We recently took inspiration from a home in Western Massachusetts in an episode of Offbeat Spaces that clocks in at a mere 220 square feet. The micro home might sound like something built for elves, but it proves you don't need a lot of space to live large.
The small space in the video isn't crammed full of vases, pillows, candle holders and other decorative objects, nor is it filled to capacity with furniture. The house is kept open and airy so that when you're living there you don't feel constricted. If you want to see some color, choose bright dishware that will stand out from any open shelving. We love this bold yellow dinnerware set (westelm.com, $32 to $48).
Include extensive wall shelving to keep from crowding limited surface space with dishes, serveware and even small appliances. That way you don't need to worry about all of your everyday essentials causing clutter. Take a look at the Classique wall shelf from Smart Furniture — several in the kitchen (or any room) would allow for lots of storage (smartfurniture.com, $41).
In the bathroom, the home owners chose to install a small sink to save space. It's still stylish, but not full size, which makes the room feel less cramped. Check out this small wall-hung sink that saves space but still looks great (signaturehardware.com, $135 to $203).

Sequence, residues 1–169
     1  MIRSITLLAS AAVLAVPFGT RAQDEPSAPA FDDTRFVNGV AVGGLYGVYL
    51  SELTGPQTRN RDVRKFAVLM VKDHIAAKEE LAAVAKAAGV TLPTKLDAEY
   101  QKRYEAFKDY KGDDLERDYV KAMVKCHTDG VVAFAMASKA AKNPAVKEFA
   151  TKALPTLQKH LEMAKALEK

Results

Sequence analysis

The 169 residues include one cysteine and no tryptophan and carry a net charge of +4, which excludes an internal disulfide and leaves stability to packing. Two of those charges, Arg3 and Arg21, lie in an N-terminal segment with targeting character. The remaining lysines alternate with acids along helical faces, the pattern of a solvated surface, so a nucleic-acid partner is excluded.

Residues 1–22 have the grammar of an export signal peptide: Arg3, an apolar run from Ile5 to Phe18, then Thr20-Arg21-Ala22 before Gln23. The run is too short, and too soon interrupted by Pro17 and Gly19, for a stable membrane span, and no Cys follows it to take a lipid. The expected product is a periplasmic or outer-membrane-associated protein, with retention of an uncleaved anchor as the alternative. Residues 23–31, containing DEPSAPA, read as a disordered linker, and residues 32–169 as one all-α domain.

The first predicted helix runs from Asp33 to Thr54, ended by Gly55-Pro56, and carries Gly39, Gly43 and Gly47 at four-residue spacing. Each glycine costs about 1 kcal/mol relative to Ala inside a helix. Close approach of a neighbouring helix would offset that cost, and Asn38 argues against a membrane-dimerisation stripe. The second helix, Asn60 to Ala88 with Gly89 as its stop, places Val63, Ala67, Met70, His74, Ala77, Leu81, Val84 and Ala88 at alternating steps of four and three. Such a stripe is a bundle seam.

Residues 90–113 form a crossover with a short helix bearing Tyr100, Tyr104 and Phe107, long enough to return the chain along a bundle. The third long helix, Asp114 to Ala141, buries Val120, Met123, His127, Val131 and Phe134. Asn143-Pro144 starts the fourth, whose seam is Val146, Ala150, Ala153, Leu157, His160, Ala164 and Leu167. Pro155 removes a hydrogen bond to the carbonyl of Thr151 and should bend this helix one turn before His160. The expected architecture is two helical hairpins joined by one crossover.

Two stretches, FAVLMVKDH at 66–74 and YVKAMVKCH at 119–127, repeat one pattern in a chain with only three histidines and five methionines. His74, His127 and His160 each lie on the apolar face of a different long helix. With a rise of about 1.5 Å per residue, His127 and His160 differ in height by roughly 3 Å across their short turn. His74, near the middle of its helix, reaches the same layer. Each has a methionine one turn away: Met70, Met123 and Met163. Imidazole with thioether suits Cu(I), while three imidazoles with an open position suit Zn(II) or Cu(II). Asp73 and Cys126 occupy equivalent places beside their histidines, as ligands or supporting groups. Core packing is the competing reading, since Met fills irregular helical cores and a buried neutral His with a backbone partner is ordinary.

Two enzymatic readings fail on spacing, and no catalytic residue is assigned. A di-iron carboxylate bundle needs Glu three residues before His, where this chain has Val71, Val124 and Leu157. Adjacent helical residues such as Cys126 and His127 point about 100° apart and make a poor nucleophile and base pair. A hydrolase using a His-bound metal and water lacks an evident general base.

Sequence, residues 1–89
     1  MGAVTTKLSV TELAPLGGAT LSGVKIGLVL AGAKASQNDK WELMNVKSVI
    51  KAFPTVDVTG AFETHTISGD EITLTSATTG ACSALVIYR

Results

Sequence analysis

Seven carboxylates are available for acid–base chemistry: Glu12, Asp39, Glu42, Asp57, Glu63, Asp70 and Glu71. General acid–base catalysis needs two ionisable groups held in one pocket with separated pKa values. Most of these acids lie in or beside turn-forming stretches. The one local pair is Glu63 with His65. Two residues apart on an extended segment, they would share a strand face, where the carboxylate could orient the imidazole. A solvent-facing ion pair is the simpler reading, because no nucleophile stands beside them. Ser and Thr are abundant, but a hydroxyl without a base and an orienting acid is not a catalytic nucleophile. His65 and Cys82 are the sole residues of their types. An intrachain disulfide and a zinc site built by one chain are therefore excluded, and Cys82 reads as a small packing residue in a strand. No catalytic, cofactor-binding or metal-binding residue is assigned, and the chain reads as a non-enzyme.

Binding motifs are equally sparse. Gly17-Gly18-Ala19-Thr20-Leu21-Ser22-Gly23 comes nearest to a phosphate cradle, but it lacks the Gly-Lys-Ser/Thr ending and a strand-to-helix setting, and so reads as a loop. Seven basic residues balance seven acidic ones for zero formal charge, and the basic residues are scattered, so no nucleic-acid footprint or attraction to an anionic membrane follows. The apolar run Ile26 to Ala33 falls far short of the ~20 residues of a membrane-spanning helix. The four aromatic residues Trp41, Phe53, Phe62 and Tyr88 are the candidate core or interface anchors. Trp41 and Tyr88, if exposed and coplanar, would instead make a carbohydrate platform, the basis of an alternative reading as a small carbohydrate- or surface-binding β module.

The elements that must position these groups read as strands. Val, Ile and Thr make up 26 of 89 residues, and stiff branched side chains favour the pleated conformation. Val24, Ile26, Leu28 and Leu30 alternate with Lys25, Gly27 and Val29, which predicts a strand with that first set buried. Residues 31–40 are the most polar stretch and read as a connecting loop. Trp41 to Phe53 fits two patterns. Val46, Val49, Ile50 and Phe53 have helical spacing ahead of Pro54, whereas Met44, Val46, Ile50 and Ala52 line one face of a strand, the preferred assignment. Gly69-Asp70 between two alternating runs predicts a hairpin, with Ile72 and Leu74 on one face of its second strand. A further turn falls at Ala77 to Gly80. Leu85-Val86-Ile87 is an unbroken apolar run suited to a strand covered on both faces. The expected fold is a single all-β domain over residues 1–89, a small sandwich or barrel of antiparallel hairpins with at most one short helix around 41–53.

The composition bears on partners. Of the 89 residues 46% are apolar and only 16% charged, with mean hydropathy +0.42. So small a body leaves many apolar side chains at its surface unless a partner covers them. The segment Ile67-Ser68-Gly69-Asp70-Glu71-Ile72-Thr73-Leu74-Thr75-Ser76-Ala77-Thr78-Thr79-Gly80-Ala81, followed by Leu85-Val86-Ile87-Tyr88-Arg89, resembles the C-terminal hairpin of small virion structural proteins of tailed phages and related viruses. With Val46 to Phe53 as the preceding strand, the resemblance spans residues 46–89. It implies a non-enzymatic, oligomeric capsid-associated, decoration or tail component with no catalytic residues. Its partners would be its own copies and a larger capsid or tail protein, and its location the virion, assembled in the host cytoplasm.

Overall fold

A kitchen table that attaches to the wall but folds down when it's not in use can help save space. We like the NORBO wall-mounted drop leaf table from IKEA, which can seat up to four (ikea.com, $30).
If you have a small bedroom with minimal space for storage, choose a bed that's higher up so you have plenty of storage beneath it. Either find a bed with drawers, like this one with six drawers from Urban Green (urbangreenfurniture.com, starting at $1,499), or buy some bins that can easily be stored under the bed.
Unique light fixtures, in this case old pipes in the kitchen/all-purpose room, draw the eye up and give the illusion of more space. We're currently coveting the satellite pendant lamp from CB2 that seems more sculpture than light source (cb2.com, $70).
The floor drain in the bathroom means there's no need for a separate shower stall — the whole room is essentially a shower. Just keep anything you don't want to get wet (towels, your hair straightener) out of the water flow.
A tiny kitchen likely means no space for a double sink, let alone a dish-drying rack. Instead, shelving above the sink allows for drainage, meaning you can put washed dishes away without having to dry them first (they drain right into the sink below).
If you don't have space for a separate kitchen, living and dining room, combine all three into a multipurpose room that allows for entertaining, living and eating without needing to worry about having rooms that are specific to each need.
Cabinets above the sink/stove area (the higher the better) allow for storage that can hide in plain view. If you can fit cabinets higher up (get a small folding step stool to reach them), you won't have to worry about finding a space below for things you don't use every day.
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